Gear review: Kuhl Renegade Pants

I readily admit that I tend to beat the crap out of my outdoor gear. As I’ve mentioned before, I look at my outdoor gear as previous generations of my family looked at work clothes: I need functional clothing that will last, is not expensive, and I expect them to get dirty, beat up, and dinged.  I’ll save the “nice clothes” for the (increasingly rare) night out.  

So I tend to purchase clothes that are on the inexpensive side but work as well as their more expensive alternatives.

Or so I claim.

But while I do not mind paying good money for something such as a quilt, I find such consumables as fleece or beanies to not be worth the price.

However, because of my inclinations, I rarely put the more expensive items to the test vs. my budget-minded alternatives.

So, when Kuhl offered me a chance to test out one of their pants. I decided to put my money where my mouth is, and test out the Kuhl Renegade pants.   The 95% nylon / 5% spandex mix closely resembles both the prAna Zion pants that are the main competitors for the Kuhls (and about the same price at $89) and the UBTech budget version I enjoy so much over the many days in the backcountry.

Also, I find polyester hiking pants do not last as long out here or for the kind of hiking I do. And though polyester pants are more quick drying, that is not as important a factor for me out on the Colorado Plateau.

I’ve had the pants for two months now. I’ve been guiding in them regularly in addition to my day hikes, backpacking trips, and all around outdoor use here in the Moab area.

PCO Joan W.

PCO Joan W.

So, what do I think? 

First, I have to comment on the fit. I found the waist to be true to size; the waist fitted just right. However, the shape of the pants is for a body type that is not mine. Though they fitted perfectly in the waist, I found the seat, legs, and calves to be, well, on the more restrictive side. Though I am in good shape overall, as I’ve said before, I tend to look like Gimli’s distant Mediterranean cousin more so than the stereotype of a  hip, trendy, #vanlifer.


Which brings up my second observation: How practical are these pants?  The fit is on the more stylish side vs. a baggier cut. Or, as a friend called them “Skinny jeans for outdoors people.”  I should note, that the older version of these pants did have a more traditional cut and not the “hipster hiking pants” look. Besides the more “athletic” fit of the current version of these pants, the pant cuffs are tapered and allow little ventilation compared to baggier pants with their more open ankle cuffs

I found the pants do not work well for any temps that are on the warmer side. The fact that the label prominently mentioned a “cell phone” pocket, and the type of photos on the Kuhl website, tell me what I need to know about the pants. They are “lifestyle” pants; marketed as outdoor gear but the consumer base tends to wear them in the trendier places in Boulder, Moab, or for your #liveauthentically photos perhaps.

All snark aside, these pants did last and worked well enough hiking (if with the ventilation problem I mentioned).  After two months of active use, they show no sign of visible wear and tear.

But you know what? Neither did the UBTech pants after many months on the road and hiking, too.

So, it comes down to personal preference and sense of style. If you prefer something on the hipper side of the outdoor equation, and perhaps do more day use (cragging, parking your van at an overlook, and then hanging out in the trendy town while Instagramming), by all means, get these pants. You might like the fit, look, and function better than me.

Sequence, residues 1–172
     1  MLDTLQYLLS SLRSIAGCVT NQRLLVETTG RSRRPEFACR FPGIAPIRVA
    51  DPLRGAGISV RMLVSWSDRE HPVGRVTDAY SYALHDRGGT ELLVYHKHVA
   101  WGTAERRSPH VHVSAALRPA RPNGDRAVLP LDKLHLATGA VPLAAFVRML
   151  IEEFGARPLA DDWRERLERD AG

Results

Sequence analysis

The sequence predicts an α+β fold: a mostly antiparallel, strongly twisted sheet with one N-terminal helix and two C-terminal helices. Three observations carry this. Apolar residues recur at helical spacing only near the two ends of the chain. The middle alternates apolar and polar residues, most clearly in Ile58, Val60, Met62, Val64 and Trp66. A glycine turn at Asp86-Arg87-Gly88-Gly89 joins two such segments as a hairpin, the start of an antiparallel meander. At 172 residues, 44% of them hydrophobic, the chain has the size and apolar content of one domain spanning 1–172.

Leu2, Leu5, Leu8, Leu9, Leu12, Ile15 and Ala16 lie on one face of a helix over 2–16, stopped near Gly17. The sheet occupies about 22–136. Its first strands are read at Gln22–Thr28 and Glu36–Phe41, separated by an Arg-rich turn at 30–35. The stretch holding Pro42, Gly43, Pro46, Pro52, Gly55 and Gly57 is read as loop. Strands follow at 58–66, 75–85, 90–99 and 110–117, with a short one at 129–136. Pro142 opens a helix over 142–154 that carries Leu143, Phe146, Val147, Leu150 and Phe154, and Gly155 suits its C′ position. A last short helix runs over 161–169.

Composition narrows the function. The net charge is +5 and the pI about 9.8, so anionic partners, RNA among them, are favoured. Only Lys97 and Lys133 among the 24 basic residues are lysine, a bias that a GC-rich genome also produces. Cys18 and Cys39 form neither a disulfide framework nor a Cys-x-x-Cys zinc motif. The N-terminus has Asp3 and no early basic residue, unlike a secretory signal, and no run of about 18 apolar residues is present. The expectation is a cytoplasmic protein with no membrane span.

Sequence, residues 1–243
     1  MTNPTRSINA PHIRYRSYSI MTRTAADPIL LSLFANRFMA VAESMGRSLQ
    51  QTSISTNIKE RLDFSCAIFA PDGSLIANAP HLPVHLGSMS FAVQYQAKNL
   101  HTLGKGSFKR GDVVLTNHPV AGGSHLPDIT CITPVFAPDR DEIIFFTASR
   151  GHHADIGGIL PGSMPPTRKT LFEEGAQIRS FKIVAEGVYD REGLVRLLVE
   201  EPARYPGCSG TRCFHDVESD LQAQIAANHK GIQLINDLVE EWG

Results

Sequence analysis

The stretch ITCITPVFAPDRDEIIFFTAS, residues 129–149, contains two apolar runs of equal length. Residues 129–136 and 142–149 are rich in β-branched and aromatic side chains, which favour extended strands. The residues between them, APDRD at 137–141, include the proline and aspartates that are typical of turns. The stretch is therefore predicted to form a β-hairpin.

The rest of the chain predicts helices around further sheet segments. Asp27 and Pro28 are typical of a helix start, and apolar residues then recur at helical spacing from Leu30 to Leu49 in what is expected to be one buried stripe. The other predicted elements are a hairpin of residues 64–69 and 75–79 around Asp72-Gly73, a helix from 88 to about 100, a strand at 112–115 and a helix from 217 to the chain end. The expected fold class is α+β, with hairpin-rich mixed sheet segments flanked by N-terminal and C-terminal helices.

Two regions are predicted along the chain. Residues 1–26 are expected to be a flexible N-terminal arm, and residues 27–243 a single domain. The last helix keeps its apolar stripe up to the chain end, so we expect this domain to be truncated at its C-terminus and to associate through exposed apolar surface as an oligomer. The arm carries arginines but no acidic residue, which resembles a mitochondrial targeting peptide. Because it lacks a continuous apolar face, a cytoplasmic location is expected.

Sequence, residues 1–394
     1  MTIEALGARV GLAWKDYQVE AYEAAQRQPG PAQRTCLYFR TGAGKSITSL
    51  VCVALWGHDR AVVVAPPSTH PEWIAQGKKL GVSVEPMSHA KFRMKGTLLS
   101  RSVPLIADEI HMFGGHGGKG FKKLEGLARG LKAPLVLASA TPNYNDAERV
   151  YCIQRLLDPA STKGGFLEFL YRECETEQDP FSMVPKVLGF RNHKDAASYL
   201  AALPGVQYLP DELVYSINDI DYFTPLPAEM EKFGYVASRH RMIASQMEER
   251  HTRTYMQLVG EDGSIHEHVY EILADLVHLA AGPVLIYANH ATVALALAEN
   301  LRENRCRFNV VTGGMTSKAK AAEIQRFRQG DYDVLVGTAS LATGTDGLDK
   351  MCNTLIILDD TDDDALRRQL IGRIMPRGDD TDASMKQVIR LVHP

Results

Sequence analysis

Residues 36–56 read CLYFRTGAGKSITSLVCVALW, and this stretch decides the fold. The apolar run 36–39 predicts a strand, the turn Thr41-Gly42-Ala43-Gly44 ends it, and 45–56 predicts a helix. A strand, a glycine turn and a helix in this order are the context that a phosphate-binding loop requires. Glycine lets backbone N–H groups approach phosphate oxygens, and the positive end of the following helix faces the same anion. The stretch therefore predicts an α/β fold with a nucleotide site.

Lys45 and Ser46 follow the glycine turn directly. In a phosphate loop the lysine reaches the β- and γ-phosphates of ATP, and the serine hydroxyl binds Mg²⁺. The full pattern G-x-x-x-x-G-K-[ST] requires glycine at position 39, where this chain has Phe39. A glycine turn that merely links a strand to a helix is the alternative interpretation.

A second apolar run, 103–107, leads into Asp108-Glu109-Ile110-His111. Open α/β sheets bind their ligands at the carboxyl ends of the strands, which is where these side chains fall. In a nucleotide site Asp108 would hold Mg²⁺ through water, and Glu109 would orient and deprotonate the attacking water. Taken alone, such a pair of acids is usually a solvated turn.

However, since I tend to beat on my pants, scuff them up, get mud on them, and wear them in all kinds of weather, I could not see the difference between the sub-$30 specials I’ve used so much since the Fall of 2017 over many days and miles and the $90 cool, er Kuhl, version. YMMV.

And since I do like pants that I reserve for less abusive use, I’ve been rocking $25 Wrangler nylon-spandex pants that are mostly the basic pants that have been in style for men since, well, forever. I’ll never be hip, but I’ll be comfortable and presentable enough while traveling. And that’s more important to me in the long run than wearing pants that might be worn sometime thirty years from now when recreating the wacky and fun “Twenty-teens” during a corporate “Company Spirit Week.”  

Kicking back in Navajo National Monument the night before our backpacking trip. PCO Joan

Bottom line: Stylish pants that work well enough outdoors with the caveats I mentioned.  But if you aren’t interested in an outdoor fashion show, other alternatives might work better for your needs, outdoor activities of choice, and perhaps body type.  And some of these choices are even less expensive, too. Remember, bell bottoms, acid washed jeans, and leotards were once fashionable, also. 😉

Disclosure: Kukl provided these pants to me at no cost for my review.

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5 years ago

Those of us who are female might profit from reviews by Joan, if she’s interested.

As a rather full-hipped female, I have trouble finding pants for females that don’t have a fashionably dropped waist. Not only does this feature allow my shirt to come untucked and ride up in back (exposing skin to bugs!), but it puts the pants waistband directly under the pack’s hip belt, a most uncomfortable situation.

5 years ago

I’ve had good luck with Craghopper pants for the Gimli shaped body. Size up on the waist by one size and they work great for me. I can wear them to work and on trail which makes them multi purpose. Can usually find online for $29.99 or less.

Jennifer Boyd
Jennifer Boyd
4 years ago

I think Kuhl is ok but the ordering process is really tough and the quality of the pants (I have 3 pairs all received as a gift) is not up to the same quality as say North Face or Patagonia.